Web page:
SciELO - Scientific Electronic Library Online

 
vol.16 issue1Cell migration induced by Leishmania (Leishmania) amazonensis, Leishmania (Leishmania) major and Leishmania (Viannia) braziliensis into the peritoneal cavity of BALB/c miceFeeding history of Crotalus durissus terrificus snakes by the analysis of carbon-13 (δ13C) isotope from the rattle author indexsubject indexarticles search
Home Pagealphabetic serial listing  

Services on Demand

Journal

Article

Indicators

Related links

Share


Journal of Venomous Animals and Toxins including Tropical Diseases

On-line version ISSN 1678-9199

J. Venom. Anim. Toxins incl. Trop. Dis vol.16 no.1 Botucatu  2010  Epub Feb 26, 2010

https://doi.org/10.1590/S1678-91992010005000012 

Malignant catarrhal fever-like lesions associated with ovine herpesvirus-2 infection in young calves (Bos indicus): a case report

 

 

Luvizotto MCR; Ferrari HF; Cardoso TC

Laboratory of Animal Pathology and Virology, School of Veterinary Medicine, Univ. Estado de São Paulo, UNESP, Araçatuba, Brasil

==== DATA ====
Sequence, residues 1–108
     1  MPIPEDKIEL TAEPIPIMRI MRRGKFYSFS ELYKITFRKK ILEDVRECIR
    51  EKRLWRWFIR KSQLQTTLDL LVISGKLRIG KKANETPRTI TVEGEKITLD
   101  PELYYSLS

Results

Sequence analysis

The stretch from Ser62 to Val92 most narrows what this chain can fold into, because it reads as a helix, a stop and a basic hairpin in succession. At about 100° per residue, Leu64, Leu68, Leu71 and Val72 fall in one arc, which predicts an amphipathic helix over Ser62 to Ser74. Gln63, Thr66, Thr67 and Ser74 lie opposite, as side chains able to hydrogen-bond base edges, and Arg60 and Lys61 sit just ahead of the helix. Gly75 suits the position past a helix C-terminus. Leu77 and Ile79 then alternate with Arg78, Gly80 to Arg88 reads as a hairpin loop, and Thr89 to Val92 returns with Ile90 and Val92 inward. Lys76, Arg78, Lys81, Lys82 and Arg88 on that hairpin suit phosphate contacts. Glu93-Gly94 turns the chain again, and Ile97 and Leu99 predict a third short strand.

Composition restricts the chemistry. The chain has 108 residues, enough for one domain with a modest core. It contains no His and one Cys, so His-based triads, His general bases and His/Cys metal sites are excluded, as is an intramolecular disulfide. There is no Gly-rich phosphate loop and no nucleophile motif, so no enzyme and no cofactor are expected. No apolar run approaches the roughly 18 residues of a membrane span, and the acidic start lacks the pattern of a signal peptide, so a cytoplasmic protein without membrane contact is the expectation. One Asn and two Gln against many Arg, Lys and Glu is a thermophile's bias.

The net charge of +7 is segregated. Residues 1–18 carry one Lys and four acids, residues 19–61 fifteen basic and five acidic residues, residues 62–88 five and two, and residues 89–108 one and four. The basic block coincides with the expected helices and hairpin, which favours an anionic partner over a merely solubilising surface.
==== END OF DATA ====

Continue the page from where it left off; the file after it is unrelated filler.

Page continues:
Correspondence to

 

 


ABSTRACT

Infection of susceptible ruminants, including domestic cattle (Bos taurus) and American bison (Bison bison), with ovine herpesvirus-2 (OvHV-2) may provoke the fatal vasculitis and lymphoproliferative syndrome, known as malignant catarrhal fever (MCF), reported worldwide. To the best of our knowledge, this is the first report of a clinical case of MCF-like lesions associated with ovine herpesvirus-2 (OvHV-2) infection in young calves (Bos indicus) including central nervous symptoms that occurred in Três Lagoas city, Mato Grosso do Sul state, a border town near São Paulo state, Brazil. The diagnosis was based on typical histological lesions characterized by systemic lymphohistiocytic and fibrinoid vasculitis, confirmed by polymerase chain reaction and subsequent phylogenetic analysis of detected OvHV-2 sequences. This finding indicates that MCF disease is spread among herds concentrated in border areas between Mato Grosso do Sul and São Paulo states.

Key words: ovine herpesvirus-2, malignant catarrhal fever (MCF), meningoencephalitis, cattle.


 

 

INTRODUCTION